>20X scan rate advantage over conventional hyperspectral imagers as a result of the compatibility with TDI scanning. The image quality is comparable to current MSI and HSI systems.
High-finesse Fabry-Perot interferometers are useful tools when it comes to high-resolution spectroscopy and narrow-band filtering. Rugged, reliable, narrow-band tunable filters are of special interest for remote sensing from ground, airborne and space-based platforms. This report discusses the results of a numerical analysis and experimental study of such a filter with its design based on the unique features of the photonic crystal interferometer (PCI). An optimal choice of the PCI components and their parameters allows achieving a sub-angstrom bandpass combined with a broad tunability range (< 10 nm) in the visible spectral regions. The prototype PCI system has the tunability over a 1 nm with a bandpass near 0.02 nm and an acceptance angle about 1 angular degree. Detailed consideration is given to the imaging characteristics of such an interferometer, and their dependence upon the quality of the individual components (i.e. the mirror substrates, dielectric layers, etc.). In summary, we present the results of the theoretical analysis and experimental study of the spectral and imaging characteristics of a high-finesse PCI, and their impairments due to deviations from the required parameters of the optical elements.
To meet evolving ballistic missile threats, advanced seekers will include a multi-modal imaging capability in which a passive single- or multi-band infrared focal plane array (FPA) shares a common aperture with an active laser radar (LADAR) receiver - likely, a photon-counting LADAR receiver that can resolve photon times of arrival with sub-nanosecond resolution. The overall success of such a system will depend upon its photon detection efficiency and sensitivity to upset by spurious detection events. In the past, to perform photon counting functions, it has generally been necessary to operate near infrared (NIR) avalanche photodiode (APD) FPAs in Geiger Mode. Linear Mode APDs could not provide enough proportional gain with sufficiently low noise to make the photocurrent from a single photon detectible using existing amplifier technology. However, recent improvements in APDs, sub-micron CMOS technology, and concomitant amplifier designs, have made Linear Mode single-photon-counting APDs (SPADs) possible. We analyze the potential benefits of a LADAR receiver based on Linear Mode SPADs, which include: 1) the ability to obtain range information from more than one object in a pixel's instantaneous-field-of-view (IFOV), 2) a lower false alarm rate, 3) the ability to detect targets behind debris, 4) an advantage in the endgame, when stronger reflected signals allow dark current rejection via thresholding, and 5) the ability to record signal intensity, which can be used to increase kill efficiency. As expected, multiple laser shots of the same scene improves the target detection probability.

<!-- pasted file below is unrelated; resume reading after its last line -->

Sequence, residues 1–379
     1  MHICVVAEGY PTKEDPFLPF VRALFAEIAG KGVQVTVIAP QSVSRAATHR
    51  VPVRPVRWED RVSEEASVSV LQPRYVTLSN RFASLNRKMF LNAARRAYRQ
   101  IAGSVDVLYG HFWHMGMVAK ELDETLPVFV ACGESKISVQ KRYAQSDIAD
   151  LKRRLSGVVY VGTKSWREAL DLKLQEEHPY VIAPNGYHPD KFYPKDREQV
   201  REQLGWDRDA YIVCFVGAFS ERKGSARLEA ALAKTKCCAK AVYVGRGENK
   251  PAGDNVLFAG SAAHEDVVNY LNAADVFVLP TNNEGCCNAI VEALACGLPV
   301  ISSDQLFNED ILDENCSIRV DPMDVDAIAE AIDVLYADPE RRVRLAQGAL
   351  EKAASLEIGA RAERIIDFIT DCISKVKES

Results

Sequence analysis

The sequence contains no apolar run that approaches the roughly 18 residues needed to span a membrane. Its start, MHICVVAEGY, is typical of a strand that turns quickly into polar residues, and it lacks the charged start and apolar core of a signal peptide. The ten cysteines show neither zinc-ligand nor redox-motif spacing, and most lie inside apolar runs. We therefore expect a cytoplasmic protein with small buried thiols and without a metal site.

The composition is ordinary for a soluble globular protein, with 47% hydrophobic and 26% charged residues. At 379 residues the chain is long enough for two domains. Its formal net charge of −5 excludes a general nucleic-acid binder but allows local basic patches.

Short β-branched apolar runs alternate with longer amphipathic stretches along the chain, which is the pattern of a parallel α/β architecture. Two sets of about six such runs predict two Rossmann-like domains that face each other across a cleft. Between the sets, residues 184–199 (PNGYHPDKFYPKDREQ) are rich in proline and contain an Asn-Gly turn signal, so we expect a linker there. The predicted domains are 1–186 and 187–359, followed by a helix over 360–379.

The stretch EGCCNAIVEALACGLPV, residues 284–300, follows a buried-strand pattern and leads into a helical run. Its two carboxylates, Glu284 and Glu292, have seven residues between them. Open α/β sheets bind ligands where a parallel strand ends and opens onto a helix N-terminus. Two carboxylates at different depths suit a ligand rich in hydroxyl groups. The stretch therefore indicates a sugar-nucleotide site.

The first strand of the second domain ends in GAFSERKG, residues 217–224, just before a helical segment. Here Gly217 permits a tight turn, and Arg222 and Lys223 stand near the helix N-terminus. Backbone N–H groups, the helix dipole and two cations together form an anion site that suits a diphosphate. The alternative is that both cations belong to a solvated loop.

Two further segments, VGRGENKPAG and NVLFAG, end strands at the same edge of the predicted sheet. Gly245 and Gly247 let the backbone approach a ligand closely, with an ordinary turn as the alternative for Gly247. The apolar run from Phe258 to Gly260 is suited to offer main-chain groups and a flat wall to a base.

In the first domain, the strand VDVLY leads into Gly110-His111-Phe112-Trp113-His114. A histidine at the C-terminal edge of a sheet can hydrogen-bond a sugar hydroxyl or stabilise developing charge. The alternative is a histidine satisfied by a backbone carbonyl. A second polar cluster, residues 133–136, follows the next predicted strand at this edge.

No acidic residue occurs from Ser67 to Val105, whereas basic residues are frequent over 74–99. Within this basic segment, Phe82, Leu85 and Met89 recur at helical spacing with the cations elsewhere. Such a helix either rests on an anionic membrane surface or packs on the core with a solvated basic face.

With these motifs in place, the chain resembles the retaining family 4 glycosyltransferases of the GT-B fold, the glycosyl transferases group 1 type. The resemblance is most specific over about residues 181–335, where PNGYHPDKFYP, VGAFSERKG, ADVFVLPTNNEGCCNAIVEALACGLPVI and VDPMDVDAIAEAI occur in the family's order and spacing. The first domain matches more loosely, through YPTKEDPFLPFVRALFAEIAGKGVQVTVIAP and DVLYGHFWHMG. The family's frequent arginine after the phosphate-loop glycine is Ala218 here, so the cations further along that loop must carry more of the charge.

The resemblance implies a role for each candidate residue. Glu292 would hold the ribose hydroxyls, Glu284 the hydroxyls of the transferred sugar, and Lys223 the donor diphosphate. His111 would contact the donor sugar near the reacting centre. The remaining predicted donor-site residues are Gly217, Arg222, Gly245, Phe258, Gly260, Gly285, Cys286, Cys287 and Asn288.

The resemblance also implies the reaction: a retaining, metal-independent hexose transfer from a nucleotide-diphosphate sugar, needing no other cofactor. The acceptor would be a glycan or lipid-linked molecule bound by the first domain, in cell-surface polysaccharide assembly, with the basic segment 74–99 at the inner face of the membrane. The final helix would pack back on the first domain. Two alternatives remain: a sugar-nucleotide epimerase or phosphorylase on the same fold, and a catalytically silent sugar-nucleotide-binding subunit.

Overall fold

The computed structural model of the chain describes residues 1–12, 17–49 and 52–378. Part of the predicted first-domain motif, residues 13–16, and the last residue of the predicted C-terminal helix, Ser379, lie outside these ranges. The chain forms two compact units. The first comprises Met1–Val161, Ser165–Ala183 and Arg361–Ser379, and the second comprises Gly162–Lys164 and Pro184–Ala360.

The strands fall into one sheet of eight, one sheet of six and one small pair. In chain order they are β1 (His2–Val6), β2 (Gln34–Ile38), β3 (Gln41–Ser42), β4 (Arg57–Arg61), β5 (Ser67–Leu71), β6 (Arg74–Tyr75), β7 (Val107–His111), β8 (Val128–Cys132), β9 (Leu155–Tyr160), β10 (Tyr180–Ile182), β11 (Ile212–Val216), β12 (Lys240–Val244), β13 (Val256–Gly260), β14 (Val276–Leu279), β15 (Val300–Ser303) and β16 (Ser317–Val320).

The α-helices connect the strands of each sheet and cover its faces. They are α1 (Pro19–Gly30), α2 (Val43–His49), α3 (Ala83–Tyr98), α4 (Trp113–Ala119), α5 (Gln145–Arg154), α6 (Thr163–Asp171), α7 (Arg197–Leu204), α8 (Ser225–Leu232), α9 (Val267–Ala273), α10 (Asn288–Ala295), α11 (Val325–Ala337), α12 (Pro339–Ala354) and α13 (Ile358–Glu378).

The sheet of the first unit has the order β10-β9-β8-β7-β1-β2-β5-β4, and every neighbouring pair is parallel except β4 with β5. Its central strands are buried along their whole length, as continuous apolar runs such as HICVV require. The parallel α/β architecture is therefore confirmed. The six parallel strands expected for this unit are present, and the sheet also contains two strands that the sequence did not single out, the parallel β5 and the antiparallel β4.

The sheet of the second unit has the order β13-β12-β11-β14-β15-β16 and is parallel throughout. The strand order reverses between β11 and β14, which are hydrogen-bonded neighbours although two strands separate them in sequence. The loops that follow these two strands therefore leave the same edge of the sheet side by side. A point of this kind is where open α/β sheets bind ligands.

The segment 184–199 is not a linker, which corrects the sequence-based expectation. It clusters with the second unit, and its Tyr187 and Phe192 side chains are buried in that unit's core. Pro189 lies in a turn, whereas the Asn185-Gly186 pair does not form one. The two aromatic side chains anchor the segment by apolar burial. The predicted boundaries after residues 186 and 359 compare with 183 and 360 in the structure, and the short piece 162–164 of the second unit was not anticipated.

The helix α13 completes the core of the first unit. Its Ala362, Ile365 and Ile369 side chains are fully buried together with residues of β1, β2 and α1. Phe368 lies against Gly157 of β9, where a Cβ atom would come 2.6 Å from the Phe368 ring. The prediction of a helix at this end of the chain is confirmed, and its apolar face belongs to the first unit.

Neptec has developed a vision system for the capture of non-cooperative objects on orbit. This system uses an active TriDAR sensor and a model based tracking algorithm to provide 6 degree of freedom pose information in real-time from mid range to docking. This system was selected for the Hubble Robotic Vehicle De-orbit Module (HRVDM) mission and for a Detailed Test Objective (DTO) mission to fly on the Space Shuttle.
TriDAR (triangulation + LIDAR) technology makes use of a novel approach to 3D sensing by combining triangulation and Time-of-Flight (ToF) active ranging techniques in the same optical path. This approach exploits the complementary nature of these sensing technologies. Real-time tracking of target objects is accomplished using 3D model based tracking algorithms developed at Neptec in partnership with the Canadian Space Agency (CSA). The system provides 6 degrees of freedom pose estimation and incorporates search capabilities to initiate and recover tracking. Pose estimation is performed using an innovative approach that is faster than traditional techniques. This performance allows the algorithms to operate in real-time on the TriDAR's flight certified embedded processor.
This paper presents results from simulation and lab testing demonstrating that the system's performance meets the requirements of a complete tracking system for on-orbit autonomous rendezvous and docking.
Researchers at the Michigan Aerospace Corporation have developed accurate and robust 3-D algorithms for pose determination (position and orientation) of satellites as part of an on-going effort supporting autonomous rendezvous, docking and space situational awareness activities. 3-D range data from a LAser Detection And Ranging (LADAR) sensor is the expected input; however, the approach is unique in that the algorithms are designed to be sensor independent. Parameterized inputs allow the algorithms to be readily adapted to any sensor of opportunity. The cornerstone of our approach is the ability to simulate realistic range data that may be tailored to the specifications of any sensor. We were able to modify an open-source raytracing package to produce point cloud information from which high-fidelity simulated range images are generated. The assumptions made in our experimentation are as follows: 1) we have